Are you looking for the best way to save money on dinner during these tough economic times? One of the easiest and most delicious ways is to take advantage of cheap cuts of beef.
Using a slow cooker, these cuts become tender and tasty—making them perfect for stew or pot roast.
In this blog post, you'll learn why using inexpensive cuts of meat in your slow cooker can make all the difference while still providing amazing flavor.
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Which cuts of beef are best for the slow cooker?
Slow cooker beef recipes are a great way to have cheap, family friendly meals without needing too much effort.
Here are the best cheap cuts of meat for slow cooking:
- Chuck roast has good fat content which makes it ideal for slow cooking — the fat is released during cooking and helps to keep the meat moist and flavorful.
- Cubes or stew meat should be browned first in order to bring out the flavor before being placed in the slow cooker.
- Brisket is also an excellent option due to its rich flavor. Consider slow cooking instead of smoking or barbecuing this cut of meat.
- Ground beef is probably one of the most cost-effective cuts of beef, and it cooks great in the slow cooker as long as you avoid having too much liquid in your recipe.
- Oxtail and shank are also inexpensive options that can be cooked in a slow cooker and offer great value for money.
- Round steak, shank or blade can be easily shredded to use in different ways.
How do I cook beef in the slow cooker?
Slow cooking cheap cuts of beef is an economical way to make a tender, satisfying meal. The low, slow temperature of the slow cooker breaks down the connective tissue in cheap cuts of meat and transforms them into succulent, juicy dishes with very little effort.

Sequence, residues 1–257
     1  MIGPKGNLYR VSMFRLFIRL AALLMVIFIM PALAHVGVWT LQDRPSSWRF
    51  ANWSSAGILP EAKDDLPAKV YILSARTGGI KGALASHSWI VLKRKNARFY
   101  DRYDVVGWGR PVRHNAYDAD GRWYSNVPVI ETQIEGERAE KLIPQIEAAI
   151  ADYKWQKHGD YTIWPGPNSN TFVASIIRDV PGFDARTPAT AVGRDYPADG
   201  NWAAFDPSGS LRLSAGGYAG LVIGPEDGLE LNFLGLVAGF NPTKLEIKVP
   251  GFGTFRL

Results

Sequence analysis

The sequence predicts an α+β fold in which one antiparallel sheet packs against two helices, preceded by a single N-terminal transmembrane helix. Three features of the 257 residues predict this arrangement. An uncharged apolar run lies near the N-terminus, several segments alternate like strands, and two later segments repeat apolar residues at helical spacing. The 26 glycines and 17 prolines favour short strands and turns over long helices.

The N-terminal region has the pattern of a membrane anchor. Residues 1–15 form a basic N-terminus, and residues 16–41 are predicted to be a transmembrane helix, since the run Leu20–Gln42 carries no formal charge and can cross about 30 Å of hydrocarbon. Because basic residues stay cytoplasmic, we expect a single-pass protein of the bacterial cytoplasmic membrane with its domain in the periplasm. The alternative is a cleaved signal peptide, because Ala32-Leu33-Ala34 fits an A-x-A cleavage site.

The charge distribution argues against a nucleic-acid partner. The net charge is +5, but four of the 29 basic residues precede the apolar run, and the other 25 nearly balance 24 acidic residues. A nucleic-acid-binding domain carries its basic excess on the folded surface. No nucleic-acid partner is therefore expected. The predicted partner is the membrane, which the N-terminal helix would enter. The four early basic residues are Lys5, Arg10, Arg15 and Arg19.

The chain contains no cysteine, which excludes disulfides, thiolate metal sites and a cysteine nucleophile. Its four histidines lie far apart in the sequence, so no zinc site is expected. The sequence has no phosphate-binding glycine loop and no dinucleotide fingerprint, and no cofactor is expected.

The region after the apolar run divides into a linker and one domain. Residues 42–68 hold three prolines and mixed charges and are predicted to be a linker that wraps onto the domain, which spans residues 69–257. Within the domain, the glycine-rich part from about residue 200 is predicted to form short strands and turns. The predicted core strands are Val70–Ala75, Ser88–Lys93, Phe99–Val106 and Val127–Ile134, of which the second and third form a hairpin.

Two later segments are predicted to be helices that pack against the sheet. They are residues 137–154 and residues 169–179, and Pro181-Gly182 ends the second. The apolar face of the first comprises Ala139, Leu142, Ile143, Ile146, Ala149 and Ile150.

Start by seasoning your cheap cut of beef generously on all sides with salt, pepper and your favorite spices. Sear the prepared beef in a hot skillet for 2-3 minutes per side to get some nice caramelization going before transferring it to the crock pot.
Add any desired ingredients such as onions, garlic and carrots and optionally deglaze the pan to incorporate all those delicious brown bits. Pour over a liquid of your choice like broth or beer and cook on low for 8 hours. Your meat should be fork-tender when it's done.
How do I know when the beef is cooked?
Knowing when beef (or any other type of meat) is cooked can be daunting if you're new to cooking. To ensure that the beef is cooked thoroughly and safely, there are some indicators that you can look out for.
- A cheap cut of meat such as a cheap roast or steak should be cooked slowly over a low to medium heat until it becomes tender. You can test the tenderness with a fork – if the tines easily penetrate, then your beef is cooked.
- Additionally, some cuts may have visible changes in color – going from pink to brownish – which could indicate that the beef is thoroughly cooked.
Although different methods have different indications for when beef is cooked, these two simple steps can help you ensure that your cheap cuts of meat are properly prepared for a delicious dinner.
How do I keep the beef from drying out?
One of the best ways to ensure juicy beef is to choose cheap cuts of meat such as short rib or brisket that are best suited for slow cooking. This method helps to ensure the juices are locked in, adding flavor and moisture so your meat won't dry out.
Additionally, try marinating your beef beforehand. It not only adds flavor, but it helps keep your beef moist and tender by breaking down tough muscle fibers.
Finally, an important tip for keeping beef from drying out is to control the heat – aim for a lower temperature when possible and remove the beef from the heat source before overcooking. This way you can guarantee tender, succulent results each time!